Champagne has been a symbol of celebration, good news and good times for – amazingly – over 300 years. And if you’ve been reading the blog, you’ll know I was really lucky to visit the Champagne region this year, on my trip to Reims and the Marne Valley.
But what is so special about champagne? And what makes it unique toi prosecco, cava and other sparkling wines? After my travels through Champagne, I thought I’d share everything you need to know about this special sparkling drink. Here goes.
Everything you need to know about Champagne
1. Le Champagne refers to the wine, La Champagne refers to the destination
Don’t get it wrong!
2. We’ve got the monks to thank for the world’s most famous bubbly
After years spent trying the remove the bubbles from fermented grapes, it was Dom Pérignon (along with a few other folk) who mastered the ability to produce effervescent wine with long-lasting fizz, in the late 1600s. The higher echelons of society began drinking it and it became a highly prestigious drink.
3. Champagne joined the wine trade in the 1800s
Once they’d mastered how to bottle it and secure it with cork stoppers they bought from the British, the French began shipping champagne overseas. Their location on the River Marne was key in transporting it.
4. Champagne can only be so-called if the terroir and wine-making methods pass strict criteria
This ‘appellation’, or geographical labelling of the wine, is based on strict historical and legal criteria set by the Comité Interprofessional du Vin de Champagne advisory board. It even goes down to the scientific molecules which can’t be found in any other sparkling wine.
5. There are lawsuits going on all the time against companies who wrongly use the champagne brand
If it’s not champagne, don’t call it that – you could get yourself in some serious trouble.
6. Champagne is the northernmost wine-making region in the world
Reims is located at Latitudes 49°5 and Bar-sur-Seine is at 48°
7. The cellars of the Champagne province are truly unique
These caverns, or crayères, were excavated by the Romans who used the limestone for building. They’re what makes this sparkling drink so unique. Check out this 4 day itinerary to the Marne Valley and 9 Reasons you’ll really like Reims to find out more.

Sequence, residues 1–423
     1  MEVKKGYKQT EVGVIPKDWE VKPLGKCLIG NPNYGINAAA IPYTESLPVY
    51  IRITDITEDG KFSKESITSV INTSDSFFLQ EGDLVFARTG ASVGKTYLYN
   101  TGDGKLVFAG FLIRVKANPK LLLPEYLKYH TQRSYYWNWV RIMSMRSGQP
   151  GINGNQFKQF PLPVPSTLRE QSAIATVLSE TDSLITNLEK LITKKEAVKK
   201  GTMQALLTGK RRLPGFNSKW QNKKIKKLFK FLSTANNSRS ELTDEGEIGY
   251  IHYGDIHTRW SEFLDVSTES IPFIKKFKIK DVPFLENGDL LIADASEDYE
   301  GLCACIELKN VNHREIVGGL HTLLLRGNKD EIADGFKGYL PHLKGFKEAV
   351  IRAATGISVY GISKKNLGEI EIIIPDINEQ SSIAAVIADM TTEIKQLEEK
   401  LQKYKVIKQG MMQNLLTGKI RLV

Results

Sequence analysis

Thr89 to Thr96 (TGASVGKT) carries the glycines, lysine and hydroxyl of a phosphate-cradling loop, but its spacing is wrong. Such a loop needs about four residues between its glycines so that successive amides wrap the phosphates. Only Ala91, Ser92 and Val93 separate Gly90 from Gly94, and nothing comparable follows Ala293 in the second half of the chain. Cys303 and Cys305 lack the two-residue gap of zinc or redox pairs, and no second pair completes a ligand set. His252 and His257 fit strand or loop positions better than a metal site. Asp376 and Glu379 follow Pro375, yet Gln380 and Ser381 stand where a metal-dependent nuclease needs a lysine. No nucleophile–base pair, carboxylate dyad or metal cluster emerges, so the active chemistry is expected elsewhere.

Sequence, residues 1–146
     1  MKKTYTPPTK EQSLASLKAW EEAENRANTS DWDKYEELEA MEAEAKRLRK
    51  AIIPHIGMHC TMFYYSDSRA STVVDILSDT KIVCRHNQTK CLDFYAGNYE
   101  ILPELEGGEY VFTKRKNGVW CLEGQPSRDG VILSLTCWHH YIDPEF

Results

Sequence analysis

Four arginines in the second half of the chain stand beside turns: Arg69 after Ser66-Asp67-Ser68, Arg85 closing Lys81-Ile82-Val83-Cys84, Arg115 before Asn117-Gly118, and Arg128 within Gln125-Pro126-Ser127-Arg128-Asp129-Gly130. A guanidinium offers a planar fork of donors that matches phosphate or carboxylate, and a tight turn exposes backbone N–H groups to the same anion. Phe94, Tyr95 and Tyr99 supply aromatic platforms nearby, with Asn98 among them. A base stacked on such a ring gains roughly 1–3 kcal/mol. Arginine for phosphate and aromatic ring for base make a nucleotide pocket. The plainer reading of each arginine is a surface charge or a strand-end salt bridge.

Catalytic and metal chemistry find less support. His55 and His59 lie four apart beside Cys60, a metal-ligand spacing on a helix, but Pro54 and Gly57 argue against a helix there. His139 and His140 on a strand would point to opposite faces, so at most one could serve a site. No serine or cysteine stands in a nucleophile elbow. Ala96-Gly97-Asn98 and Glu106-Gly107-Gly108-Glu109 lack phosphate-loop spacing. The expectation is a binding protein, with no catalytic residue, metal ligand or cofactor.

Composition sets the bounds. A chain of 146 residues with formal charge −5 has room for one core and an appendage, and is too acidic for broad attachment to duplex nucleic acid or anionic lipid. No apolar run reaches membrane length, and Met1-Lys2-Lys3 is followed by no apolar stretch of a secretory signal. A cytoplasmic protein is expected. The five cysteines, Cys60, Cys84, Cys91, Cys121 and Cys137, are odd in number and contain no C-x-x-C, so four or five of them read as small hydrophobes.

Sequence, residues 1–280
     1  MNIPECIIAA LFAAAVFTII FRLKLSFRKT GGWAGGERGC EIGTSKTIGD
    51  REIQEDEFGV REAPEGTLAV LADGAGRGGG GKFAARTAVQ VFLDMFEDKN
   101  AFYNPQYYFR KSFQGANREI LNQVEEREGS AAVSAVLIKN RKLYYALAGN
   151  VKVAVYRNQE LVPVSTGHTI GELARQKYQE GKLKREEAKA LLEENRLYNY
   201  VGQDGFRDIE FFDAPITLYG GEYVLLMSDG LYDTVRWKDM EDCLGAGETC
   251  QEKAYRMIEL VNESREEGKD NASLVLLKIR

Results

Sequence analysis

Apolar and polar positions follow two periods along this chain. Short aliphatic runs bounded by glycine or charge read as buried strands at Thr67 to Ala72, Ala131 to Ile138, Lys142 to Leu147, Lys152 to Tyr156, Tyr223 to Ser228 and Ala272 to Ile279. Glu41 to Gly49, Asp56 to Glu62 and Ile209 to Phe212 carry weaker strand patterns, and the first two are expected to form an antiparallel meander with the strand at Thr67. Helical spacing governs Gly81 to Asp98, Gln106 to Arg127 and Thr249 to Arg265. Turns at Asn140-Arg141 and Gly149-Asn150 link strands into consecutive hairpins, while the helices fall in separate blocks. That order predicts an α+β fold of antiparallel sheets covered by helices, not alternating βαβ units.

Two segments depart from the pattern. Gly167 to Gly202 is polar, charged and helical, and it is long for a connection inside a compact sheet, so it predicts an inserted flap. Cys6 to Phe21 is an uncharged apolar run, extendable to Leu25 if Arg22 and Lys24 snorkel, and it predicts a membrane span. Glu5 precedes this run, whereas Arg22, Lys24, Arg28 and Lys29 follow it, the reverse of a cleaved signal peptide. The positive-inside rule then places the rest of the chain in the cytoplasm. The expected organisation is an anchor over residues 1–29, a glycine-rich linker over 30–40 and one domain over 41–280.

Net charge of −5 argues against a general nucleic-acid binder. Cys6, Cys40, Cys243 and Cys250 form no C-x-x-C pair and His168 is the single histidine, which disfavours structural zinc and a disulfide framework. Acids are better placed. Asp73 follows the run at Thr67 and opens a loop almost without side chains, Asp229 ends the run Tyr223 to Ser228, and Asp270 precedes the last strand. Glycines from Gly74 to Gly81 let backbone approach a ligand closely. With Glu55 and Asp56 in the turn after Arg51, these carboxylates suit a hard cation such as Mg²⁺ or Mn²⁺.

8. Grape harvesting in Champagne generally takes place from the middle of September to early October
This is the exciting, or terrifying bit, for winegrowers, as the yield be affected each year by the smallest change in climate or rainfall.
9. There are four main growing areas in the Champagne province
You will also find sparkling wines in other regions of France such as Burgundy and the Loire Valley, but these can not be referred to as champagne.
10. The wine that is produced before the fermentation process starts is known as the ‘vin clair’
Translated as ‘clear wine’, the blend of vin clair depends on the cru or village in which it’s produced and the way it’s blended is quite an art.
11. Each champagne house has their own personal cuvée
Cuvée generally refers to the wine you get from the first press of the grapes. But it also refers to the unique blend of grapes that is specific to a champagne house.
12. Champagne must remain in the cellar for a minimum of 15 months before it is opened
This is one of the criteria that makes the drink so special. Many are left for longer and vintage bottles are left for a minimum of three years.
13. There are three key grape varietals cultivated in the Champagne region
This comprises Chardonnay (white grape), Pinot Noir and Pinot Meunier (both black skin grapes with colourless flesh).
14. Blanc de Blanc is made from 100% white grapes
15. Blanc de Noirs (you guessed it) are made from 100% dark grapes
16. When wines are blended, they include champagne from the current year’s harvest as well as previous years
This is where oenologists (winemakers) step in and work their magic, creating their unique blend.
17. Vintage champagnes are those which have been blended purely from grapes harvested during a single season
18. Every single bottle of champagne must be rotated every day
This process of riddling, (or remuage) is so the sediment from the second fermentation moves towards the cork. With up to 40,000 bottles in some cellars, that’s a full-time job!
19. The fermentation process known is what adds the special sparkle
Winemakers have spent years perfecting this process and it’s the ‘prise de mousse’ (sparkling stage or literally ‘foam taking’) which involves adding liquor and/or sugar, which adds the effervescent quality.
20. The sediment is frozen so it can be removed
This is the clever bit where they freeze the sediment in a freezing tank set at a temperature of -25-degrees so it can be removed – but as you lose a little bit of wine, a second blend of liquor and sugar, known as the ‘liqeuer de tirage’ is then added. The amount of sugar used depends on whether it’s a brut, sec or demi-sec.
21. Once the wine has gone through the fermentation process, they can be made to look pretty
This is the bit when the likes of Veuve Clicquot add their lovely orange branding, and the cork and wire ‘muselet’ is added, ready to be sold, and most importantly, drank.
22. Today, 312.5 million bottles of champagne are shipped out of the Champagne province
23. Stocks of champagne currently in maturation are in excess of 1 billion bottles
I know, unbelievable, right?
24. There are some really cool ways to experience the Champagne province
This includes eco-guided picnic tours in electric cars and even a champagne bus!
25. Someone opens a bottle of Moët et Chandon every minute
Have you been to Champagne and what do you think about the whole sparkling wine debate? Do you even like it? Do you prefer cava or Prosecco? Or have you discovered a good English sparkling wine? Share your thoughts!